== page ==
This one really got to me.  I know in the last 7 months I have had a bit here and there of meat but this was like a big, fat slap-in-the-face fail on my part.  It's not like the ingredients are in another language or that they are hidden by-products.  Nope... straight up animals.  I would expect that in all that I have learned this year that the last thing I would do is assume that a can of beans was vegetarian.  Stupid.  If I plan on moving toward full vegetarianism or especially veganism, I need to be seriously conscious all the time.  The icing on the cake... I still ate some of the dish that included these beans; yes, after I read the label.  I feel guilty.  Again, not sure why and still working that out, but unprepared for veg*n is an understatement.

Facts from Food, Inc.

As a follow-up from yesterday's post regarding the profound documentary film, Food, Inc., I wanted to share the following list of facts that was published in the film's press kit.  I know many will not have the opportunity to view it, so there is lot of info here that is directly from the film.  

  • In the 1970s, the top five beef packers controlled about 25% of the market. Today, the top four control more than 80% of the market.
  • In the 1970s, there were thousands of slaughterhouses producing the majority of beef sold. Today, we have only 13.
  • In 1998, the USDA implemented microbial testing for salmonella and E.coli 0157h7 so that if a plant repeatedly failed these tests, the USDA could shut down the plant. After being taken to court by the meat and poultry associations, the USDA no longer has that power.
  • In 1972, the FDA conducted 50,000 food safety inspections. In 2006, the FDA conducted only 9,164.
  • During the Bush administration, the head of the FDA was the former executive VP of the National Food Processors Association.
  • During the Bush administration, the chief of staff at the USDA was the former chief lobbyist for the beef industry in Washington.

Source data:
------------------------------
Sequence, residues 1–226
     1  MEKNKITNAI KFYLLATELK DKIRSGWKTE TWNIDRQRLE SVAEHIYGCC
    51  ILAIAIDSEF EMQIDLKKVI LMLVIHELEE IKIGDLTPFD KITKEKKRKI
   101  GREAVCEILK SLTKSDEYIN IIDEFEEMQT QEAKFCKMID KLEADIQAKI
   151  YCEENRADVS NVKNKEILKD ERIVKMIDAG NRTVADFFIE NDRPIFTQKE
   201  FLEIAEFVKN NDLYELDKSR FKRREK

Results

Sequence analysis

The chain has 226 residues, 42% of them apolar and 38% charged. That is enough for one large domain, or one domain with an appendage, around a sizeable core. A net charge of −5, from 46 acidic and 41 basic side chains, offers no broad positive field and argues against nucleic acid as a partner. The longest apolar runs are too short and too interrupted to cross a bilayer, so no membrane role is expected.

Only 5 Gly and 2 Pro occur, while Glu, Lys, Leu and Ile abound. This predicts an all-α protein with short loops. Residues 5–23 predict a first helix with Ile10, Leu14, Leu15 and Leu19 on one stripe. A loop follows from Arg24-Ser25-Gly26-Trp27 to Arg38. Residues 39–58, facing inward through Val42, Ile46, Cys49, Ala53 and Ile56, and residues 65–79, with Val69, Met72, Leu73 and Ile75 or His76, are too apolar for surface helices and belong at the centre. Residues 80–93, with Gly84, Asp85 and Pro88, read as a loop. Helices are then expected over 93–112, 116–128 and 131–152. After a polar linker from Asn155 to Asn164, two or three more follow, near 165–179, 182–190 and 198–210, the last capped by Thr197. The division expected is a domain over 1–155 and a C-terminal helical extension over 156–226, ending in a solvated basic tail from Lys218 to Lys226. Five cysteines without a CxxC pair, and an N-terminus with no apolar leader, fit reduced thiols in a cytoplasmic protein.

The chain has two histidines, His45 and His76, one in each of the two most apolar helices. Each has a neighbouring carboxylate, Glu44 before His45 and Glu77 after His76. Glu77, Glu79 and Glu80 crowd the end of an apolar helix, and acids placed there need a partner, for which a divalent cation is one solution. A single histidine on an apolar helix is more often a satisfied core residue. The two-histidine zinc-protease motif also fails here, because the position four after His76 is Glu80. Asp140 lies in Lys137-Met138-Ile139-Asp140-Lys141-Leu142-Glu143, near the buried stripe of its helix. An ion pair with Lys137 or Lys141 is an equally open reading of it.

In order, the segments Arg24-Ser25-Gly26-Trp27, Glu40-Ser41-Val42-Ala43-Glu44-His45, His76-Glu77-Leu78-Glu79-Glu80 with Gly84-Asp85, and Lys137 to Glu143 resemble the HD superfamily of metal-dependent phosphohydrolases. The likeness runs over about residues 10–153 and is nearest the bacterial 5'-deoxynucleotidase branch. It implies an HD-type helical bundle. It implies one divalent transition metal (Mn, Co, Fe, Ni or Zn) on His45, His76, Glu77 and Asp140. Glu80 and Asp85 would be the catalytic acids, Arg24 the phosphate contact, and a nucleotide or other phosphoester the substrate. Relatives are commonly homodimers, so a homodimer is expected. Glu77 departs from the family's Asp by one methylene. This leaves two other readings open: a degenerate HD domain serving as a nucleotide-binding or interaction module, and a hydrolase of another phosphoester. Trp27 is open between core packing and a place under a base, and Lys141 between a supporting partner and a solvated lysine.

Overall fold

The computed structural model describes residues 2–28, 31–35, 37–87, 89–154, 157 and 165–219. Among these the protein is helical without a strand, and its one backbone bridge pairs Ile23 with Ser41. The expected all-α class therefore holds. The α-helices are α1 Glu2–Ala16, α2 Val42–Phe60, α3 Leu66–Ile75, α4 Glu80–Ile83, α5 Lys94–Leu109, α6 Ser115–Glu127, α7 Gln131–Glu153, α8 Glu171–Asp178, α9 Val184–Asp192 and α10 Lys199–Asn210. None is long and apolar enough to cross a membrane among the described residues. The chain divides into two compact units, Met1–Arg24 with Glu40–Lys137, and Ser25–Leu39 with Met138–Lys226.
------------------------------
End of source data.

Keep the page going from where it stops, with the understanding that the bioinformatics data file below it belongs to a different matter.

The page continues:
• Prior to renaming itself an agribusiness company, Monsanto was a chemical company that produced, among other things, DDT and Agent Orange.
  • In 1996 when it introduced Round-Up Ready Soybeans, Monsanto controlled only 2% of the U.S. soybean market. Now, over 90% of soybeans in the U.S. contain Monsanto’s patented gene.
  • Supreme Court justice Clarence Thomas was an attorney at Monsanto from 1976 to 1979. After his appointment to the Supreme Court, Justice Thomas wrote the majority opinion in a case that helped Monsanto enforce its seed patents.
  • The average chicken farmer invests over $500,000 and makes only $18,000 a year.
  • 32,000 hogs a day are killed in Smithfield Hog Processing Plant in Tar Heel, N.C, which is the largest slaughterhouse in the world.
  • The average American eats over 200 lbs. of meat a year.
  • 30% of the land in the U.S. is used for planting corn.
  • The modern supermarket now has, on average, 47,000 products, the majority of which is being produced by only a handful of food companies.
  • 70% of processed foods have some genetically modified ingredient.
  • SB63 Consumer Right to Know measure requiring all food derived from cloned animals to be labeled as such passed the California state legislature before being vetoed in 2007 by Governor Schwarzenegger, who said that he couldn’t sign a bill that pre-empted federal law.
  • Corn products include: ketchup, cheese, Twinkies, batteries, peanut butter, Cheez-Its, salad dressings, Coke, jelly, Sweet & Low, syrup, juice, Kool-Aid, charcoal, diapers, Motrin, meat and fast food.
  • Corn, which is the main ingredient in animal feed, is also used as a food additive. Those products commonly include: Cellulose, Xylitol, Maltodextrin, Ethylene, Gluten, Fibersol-2, Citrus Cloud Emulsion, Inosital, Fructose, Calcium Stearate, Saccharin, Sucrose, Sorbital, High Fructose Corn Syrup, Citric Acid, Di-glycerides, Semolina, Sorbic Acid, Alpha Tocopherol, Ethyl Lactate, Polydextrose, Xantham Gum, White Vinegar, Ethel Acetate, Fumaric Acid, Ascorbic Acid, Baking Powder, Zein, Vanilla Extract, Margarine, and Starch.
  • 1 in 3 Americans born after 2000 will contract early onset diabetes; Among minorities, the rate will be 1 in 2.
  • E. coli and Salmonella outbreaks have become more frequent in America, whether it be from spinach or jalapenos. In 2007, there were 73,000 people sickened from the E. coli virus.
  • Organics is the fastest growing food segment, increasing 20% annually.

Here's one more resource for you... I love lists!
 (click image to enlarge)
Related Posts Plugin for WordPress, Blogger...